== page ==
Despite that lack of parents being overly common in Disney's inspiration source they still managed create an awesome maternal character in Mrs. Potts.  She and her child is turned into china, I can't imagine not having a break down if that happened to me.  Mrs. Potts however just continues on being a parent because that's what she had to do for her child.  She provides the feminine mature adult voice in the story.  Belle's father occasionally provides the counter part of the masculine mature adult voice but isn't as active as Mrs. Potts is.  It's an important voice to note because such females are rare in Disney.  Most older females, aka not princesses, in Disney's canon are evil.  Mrs. Potts breaks this rule.

She also actually looks old.  Another truly unique trait in the Disney canon.  Check out Rapunzel's mother, she doesn't actually look like she could have 18 year old daughter does she?  On top of all that she has a body type that is not common in the positive characters database over at Disney.  Most of individual who are not stereotypical attractive are evil or stupid.  Mrs. Potts is neither, she's friendly and very competent.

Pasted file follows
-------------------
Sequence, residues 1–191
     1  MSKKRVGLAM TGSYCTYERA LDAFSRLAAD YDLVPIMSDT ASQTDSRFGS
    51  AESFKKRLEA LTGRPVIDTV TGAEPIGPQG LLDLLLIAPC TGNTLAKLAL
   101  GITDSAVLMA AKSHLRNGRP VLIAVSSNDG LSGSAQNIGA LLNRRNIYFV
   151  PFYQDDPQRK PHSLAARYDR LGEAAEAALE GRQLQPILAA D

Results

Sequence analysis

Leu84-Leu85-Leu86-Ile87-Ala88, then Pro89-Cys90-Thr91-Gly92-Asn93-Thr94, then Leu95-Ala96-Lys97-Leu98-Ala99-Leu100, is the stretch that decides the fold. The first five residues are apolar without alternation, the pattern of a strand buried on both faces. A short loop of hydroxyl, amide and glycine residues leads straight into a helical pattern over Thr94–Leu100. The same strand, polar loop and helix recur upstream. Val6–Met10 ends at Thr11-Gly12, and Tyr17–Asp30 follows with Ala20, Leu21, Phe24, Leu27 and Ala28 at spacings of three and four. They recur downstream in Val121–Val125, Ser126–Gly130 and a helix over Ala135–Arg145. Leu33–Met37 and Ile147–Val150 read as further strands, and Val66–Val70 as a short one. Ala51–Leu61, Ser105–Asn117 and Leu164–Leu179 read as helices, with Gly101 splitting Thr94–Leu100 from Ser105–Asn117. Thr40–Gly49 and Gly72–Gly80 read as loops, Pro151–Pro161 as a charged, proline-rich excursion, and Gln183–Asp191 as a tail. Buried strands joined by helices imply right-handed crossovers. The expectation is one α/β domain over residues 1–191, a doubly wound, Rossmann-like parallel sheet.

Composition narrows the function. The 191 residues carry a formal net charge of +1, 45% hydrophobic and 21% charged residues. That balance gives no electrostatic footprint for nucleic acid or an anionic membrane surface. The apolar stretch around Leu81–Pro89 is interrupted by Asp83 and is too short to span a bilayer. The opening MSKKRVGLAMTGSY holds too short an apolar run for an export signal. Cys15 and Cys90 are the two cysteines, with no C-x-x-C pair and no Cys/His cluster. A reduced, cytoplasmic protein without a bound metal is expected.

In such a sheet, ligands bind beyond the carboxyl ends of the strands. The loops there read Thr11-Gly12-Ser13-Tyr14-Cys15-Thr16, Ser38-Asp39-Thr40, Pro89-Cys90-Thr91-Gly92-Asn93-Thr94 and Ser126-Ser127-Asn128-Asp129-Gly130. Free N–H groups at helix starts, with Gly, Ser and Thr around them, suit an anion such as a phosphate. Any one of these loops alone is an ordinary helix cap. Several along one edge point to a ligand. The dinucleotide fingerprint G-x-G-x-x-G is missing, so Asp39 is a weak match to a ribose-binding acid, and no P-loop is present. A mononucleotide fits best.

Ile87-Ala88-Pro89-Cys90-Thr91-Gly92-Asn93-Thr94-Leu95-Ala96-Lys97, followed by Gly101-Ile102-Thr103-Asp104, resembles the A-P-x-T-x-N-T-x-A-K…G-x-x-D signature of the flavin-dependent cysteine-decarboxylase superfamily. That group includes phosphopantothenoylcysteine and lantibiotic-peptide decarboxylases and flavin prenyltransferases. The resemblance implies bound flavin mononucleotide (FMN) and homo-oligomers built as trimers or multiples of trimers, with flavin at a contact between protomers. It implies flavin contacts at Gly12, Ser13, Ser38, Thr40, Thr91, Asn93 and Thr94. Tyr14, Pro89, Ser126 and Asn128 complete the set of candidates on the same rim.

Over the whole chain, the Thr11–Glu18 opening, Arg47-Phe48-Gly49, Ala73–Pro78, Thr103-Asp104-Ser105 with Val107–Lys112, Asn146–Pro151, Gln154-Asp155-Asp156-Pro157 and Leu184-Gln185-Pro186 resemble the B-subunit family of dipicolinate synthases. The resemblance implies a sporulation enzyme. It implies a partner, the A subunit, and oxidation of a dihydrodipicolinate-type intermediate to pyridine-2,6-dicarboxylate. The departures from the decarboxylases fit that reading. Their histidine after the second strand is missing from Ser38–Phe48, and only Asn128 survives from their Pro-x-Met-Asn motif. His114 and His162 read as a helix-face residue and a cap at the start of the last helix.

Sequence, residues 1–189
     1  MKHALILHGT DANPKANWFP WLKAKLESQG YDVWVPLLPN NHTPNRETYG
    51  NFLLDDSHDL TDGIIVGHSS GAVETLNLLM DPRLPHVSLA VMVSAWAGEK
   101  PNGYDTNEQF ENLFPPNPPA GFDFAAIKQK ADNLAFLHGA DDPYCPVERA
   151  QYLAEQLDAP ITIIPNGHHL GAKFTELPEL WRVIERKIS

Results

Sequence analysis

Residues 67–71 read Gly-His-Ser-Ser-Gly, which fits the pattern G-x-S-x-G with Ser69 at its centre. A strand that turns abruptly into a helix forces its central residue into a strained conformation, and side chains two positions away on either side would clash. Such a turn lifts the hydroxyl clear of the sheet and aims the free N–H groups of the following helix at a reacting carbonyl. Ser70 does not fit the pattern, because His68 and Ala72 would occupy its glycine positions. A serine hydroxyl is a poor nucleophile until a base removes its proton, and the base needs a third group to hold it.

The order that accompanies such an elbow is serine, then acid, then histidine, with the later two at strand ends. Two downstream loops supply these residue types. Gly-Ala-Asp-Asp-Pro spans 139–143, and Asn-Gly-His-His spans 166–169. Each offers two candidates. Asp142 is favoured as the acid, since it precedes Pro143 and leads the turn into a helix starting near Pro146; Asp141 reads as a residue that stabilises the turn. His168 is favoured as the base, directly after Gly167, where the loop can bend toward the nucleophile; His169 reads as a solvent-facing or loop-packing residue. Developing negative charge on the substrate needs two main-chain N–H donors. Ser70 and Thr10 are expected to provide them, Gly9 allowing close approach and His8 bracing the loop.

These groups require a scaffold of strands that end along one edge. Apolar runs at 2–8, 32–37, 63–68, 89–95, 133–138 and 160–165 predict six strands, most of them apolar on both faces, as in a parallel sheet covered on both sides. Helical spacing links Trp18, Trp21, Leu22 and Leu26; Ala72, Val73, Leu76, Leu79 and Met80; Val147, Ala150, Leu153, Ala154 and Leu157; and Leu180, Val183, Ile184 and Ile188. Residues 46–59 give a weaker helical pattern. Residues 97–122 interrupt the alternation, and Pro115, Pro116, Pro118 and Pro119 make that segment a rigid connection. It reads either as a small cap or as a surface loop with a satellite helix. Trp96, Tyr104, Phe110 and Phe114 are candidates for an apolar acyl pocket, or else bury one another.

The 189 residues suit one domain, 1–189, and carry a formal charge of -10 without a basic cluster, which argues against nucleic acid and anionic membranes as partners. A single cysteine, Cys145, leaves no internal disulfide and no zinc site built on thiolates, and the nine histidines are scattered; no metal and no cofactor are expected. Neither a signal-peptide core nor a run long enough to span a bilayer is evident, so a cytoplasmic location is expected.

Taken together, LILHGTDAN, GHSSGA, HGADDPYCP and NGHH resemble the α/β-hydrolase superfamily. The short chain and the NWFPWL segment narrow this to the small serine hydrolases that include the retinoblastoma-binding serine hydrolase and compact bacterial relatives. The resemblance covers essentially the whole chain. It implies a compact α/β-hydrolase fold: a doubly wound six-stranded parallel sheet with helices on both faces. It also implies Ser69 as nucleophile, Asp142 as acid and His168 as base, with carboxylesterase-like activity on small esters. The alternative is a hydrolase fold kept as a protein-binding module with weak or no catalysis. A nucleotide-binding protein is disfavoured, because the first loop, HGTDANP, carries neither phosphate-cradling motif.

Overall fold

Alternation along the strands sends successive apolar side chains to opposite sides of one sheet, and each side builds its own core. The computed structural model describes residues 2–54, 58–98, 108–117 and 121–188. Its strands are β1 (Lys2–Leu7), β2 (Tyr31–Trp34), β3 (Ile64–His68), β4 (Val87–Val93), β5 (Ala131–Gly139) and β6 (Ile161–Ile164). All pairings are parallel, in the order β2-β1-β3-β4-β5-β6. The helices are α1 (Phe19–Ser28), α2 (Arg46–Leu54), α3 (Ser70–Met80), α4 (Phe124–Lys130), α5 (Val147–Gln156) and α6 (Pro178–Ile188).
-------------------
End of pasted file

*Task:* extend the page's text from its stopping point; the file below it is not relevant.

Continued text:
If you haven't watched Beauty and the Beast since you were a kid, give another view.  It's beautifully animated, has a story worth watching, and the cherry on top one of the best representations of a female that Disney has ever done.

Monday, June 23, 2014

Mrs. Potts and Chips Necklace

Mrs. Potts has always been one of my favorite characters and she one of the few Disney mothers that we really get to know.  On top of that she's a teapot, I never got into coffee so tea runs through my veins.  Not to mention that the movie Beauty and the Beast won two Oscars the year it came out along with a slew of other awards and nominations.  So I really like this project and what inspired it basically.

Below is the template that I made.  Mrs. Potts is a coloring book page that I found online, and Chip is actually a paper craft I think used with the Cricut paper cutting machine.  You want to make sure to size it so that Mrs. Potts is around 4.7 inches  to be the same size as necklace I made.

Didn't see the episode? 

Thursday, June 19, 2014

5 Favorite Women Officers of Star Fleet

I think one of the reasons that Star Trek has done as well for its self as long as it has is related to it's treatment of women.  You may not know this but in the original series the pilot had all of the female officers wearing the same uniform as the men.  The censors wouldn't hear of it and so the mini dress was donned.  I personally kind of wonder if the mini dress was there specifically to screw with the censors who didn't want the women in pants. 
No pants? Fine, how about Uhura's bright red panties?